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Honors in Academic Discourse

jeanne's version of Marlene coping with Project Ask
All these letters of recommendation went out because Marlene took the time to go and get the applications and to hound jeanne, and to get the applications in on time. They told us we could only do six, but we did seven. The agony of writing so much so fast made us realize that Reports of Learning really are working. Marlene and I refuse to stop at seven. So this is our Honor Roll of Who's Who in Academic Discourse. Although it's lots of work, we thought you'd like to have it.

Avoiding the Structural Violence of Competition

Because we are committed to the idea that students are not fungible, and after long years of devotion to Leo Buscaglia's program of recognizing the uniqueness and value of every living being, we certainly don't want these to be competitive. We hold to our theory that intelligence has many facets, and that those facets may not be ordinally ranked. We honor our differences.

How do I make the Honor Roll in Academic Discourse?

By sharing with jeanne and Marlene your learning narrative, so that we can write your letter of recommendation to let others see your talents, too. You must nominate yourselves, for you all deserve to be recognized for your learning. You may nominate someone else, too. And then you have to hound jeanne and Marlene to be sure that we don't miss anyone as we get the honor roll up. That means you have to help us understand what was so unique and exciting about what you learned. Only you can tell us that.

Honor Roll in Academic Discourse

Jaime Shepherd.


Jaime is destined to lead. His commitment to social justice and peacemaking produced a Town Hall Forum on Peace within a Racist Context in the Spring of 2000. He followed that remarkably successful endeavor with workshops on dominant discourse and racism in Fall 2000, and will formalize those workshops in Town Hall Forums in Spring 2001. We missed him at our presentation of Excluded Identities and Structural Violence at the American Society of Criminology Annual Meetings in San Francisco, because he had been called to Georgia to speak at a youth conference. One of his classmates wrote: "When Jaime spoke he made me proud. . . . His words were so articulate and inspiring. He was so intelligent, and an elementary school teacher! That took the cake. I swear I wanted to give him a huge bear hug, right there in the middle of class. As he spoke, a lump formed in my throat. You know, the kind you get when you feel yourself about to burst into tears. His words really touched me. And I dont think it was actually what he was saying, as much as it was how he said it." Dominguez Hills is proud to have Jaime as a student.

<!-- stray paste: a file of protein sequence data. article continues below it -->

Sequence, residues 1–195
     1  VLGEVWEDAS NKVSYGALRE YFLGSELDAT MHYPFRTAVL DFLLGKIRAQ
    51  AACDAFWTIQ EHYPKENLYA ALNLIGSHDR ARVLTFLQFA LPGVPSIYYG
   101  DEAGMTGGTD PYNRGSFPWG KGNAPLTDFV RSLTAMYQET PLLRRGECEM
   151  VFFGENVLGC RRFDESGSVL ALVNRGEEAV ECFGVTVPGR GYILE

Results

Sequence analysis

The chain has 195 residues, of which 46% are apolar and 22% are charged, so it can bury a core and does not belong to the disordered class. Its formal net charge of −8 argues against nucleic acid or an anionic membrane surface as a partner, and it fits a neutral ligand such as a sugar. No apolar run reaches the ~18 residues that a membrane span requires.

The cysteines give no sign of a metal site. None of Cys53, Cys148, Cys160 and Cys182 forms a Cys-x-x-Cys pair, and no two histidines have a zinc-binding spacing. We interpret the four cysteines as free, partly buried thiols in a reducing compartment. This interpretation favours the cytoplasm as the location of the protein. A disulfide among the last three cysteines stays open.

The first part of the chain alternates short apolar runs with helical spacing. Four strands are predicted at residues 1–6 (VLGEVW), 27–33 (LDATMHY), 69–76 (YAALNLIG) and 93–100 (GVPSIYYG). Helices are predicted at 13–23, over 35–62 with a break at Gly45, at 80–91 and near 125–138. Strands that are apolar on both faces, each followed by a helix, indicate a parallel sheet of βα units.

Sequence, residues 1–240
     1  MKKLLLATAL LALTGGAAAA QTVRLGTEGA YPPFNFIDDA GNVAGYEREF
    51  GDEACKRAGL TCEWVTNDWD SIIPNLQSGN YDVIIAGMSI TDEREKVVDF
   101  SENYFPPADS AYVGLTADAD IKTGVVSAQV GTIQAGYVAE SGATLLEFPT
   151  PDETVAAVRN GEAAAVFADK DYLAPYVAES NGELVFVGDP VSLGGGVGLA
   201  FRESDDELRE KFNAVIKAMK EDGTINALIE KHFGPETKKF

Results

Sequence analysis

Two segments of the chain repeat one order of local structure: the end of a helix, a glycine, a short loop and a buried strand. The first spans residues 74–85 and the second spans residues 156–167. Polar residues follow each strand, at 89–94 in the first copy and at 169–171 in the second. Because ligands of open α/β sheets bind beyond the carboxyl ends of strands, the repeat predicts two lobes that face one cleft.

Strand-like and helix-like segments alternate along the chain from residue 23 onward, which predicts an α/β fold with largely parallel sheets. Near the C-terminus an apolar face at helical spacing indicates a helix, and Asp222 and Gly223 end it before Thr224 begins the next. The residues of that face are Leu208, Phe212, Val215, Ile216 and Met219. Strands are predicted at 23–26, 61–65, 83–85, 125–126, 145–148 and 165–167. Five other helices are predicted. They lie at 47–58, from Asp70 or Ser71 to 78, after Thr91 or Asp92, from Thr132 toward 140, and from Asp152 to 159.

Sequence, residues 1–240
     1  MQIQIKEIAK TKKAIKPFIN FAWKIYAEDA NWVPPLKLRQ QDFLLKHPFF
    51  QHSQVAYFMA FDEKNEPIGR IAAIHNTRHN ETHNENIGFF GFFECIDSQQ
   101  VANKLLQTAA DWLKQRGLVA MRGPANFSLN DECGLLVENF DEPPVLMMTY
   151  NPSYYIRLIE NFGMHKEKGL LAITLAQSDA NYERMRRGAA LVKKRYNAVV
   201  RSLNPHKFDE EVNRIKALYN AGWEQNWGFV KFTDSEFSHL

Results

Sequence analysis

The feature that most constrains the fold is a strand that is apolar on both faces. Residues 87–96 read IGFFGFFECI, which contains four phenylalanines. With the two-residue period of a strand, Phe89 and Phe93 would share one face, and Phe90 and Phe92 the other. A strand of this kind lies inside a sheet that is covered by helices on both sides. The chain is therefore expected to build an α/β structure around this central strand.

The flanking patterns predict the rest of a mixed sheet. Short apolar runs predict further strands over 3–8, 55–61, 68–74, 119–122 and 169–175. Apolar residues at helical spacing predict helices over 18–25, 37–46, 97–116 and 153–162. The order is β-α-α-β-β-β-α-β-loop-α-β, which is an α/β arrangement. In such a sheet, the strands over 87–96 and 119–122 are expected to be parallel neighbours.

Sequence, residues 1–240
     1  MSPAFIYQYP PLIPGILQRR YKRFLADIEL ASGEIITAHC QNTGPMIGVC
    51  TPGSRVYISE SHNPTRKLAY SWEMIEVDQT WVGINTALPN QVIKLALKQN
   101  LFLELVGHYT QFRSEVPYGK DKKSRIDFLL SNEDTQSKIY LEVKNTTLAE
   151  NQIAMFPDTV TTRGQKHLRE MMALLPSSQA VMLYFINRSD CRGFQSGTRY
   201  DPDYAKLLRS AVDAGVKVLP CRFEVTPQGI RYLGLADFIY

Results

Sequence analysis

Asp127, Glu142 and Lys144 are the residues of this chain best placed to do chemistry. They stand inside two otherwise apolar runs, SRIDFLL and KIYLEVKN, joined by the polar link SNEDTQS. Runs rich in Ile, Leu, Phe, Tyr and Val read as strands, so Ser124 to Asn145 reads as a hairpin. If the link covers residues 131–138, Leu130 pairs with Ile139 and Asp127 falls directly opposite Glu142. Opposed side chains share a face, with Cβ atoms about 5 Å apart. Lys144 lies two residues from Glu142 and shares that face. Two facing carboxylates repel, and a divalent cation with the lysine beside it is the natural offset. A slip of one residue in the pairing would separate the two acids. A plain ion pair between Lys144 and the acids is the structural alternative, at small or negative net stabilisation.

Jai Tee Directing Discourse Jai Tee Speed.

We have to keep a careful watch on Jai Tee. Someone is always taking him aside in search of advice. And then he wanders off to talk to people. In San Francisco, where we went to present Excluded Identities and Structural Violence, he wandered about Union Square, talking to homeless people "because the culture there was so diverse, you could, you know, just stop and talk to them, and they would talk to you." On this, his first trip to San Francisco, Jai Tee's enthusisam was catching. He enlivened a session at the American Society of Criminology by jumping up to sketch a graph when no blackboard was available, and disarmed professors of criminology by his spontaneity and sincerity. Jai Tee has taken over the task of seeing that all are heard at many of our town forums at Dominguez Hills, for it seems to be his calling to insist upon social justice.

Berthena Rescuing Young Black Men Berthena Kemp.

Berthena came to us some years ago, a Senior Citizen, firmly set in her knowledge of the world and its beliefs. I have been privileged to share the joy in her experience of the postmodern world, so different from the certainties she and I knew when we were young. She has mastered the strange jargon of academic theory and opened herself up in good faith to hear the claims of the young. Despite here disapproval of the language, she participated with enthusiasm in our discussions on a postmodern coming of age novel. She never backs down on her own firm convictions, but she listens deeply enough to see other perspectives. Together she and I have managed to give students such a sense of history, one of them thought we were actually around for the Civil War. Berthena has added an incredible richness to learning at Dominguez Hills.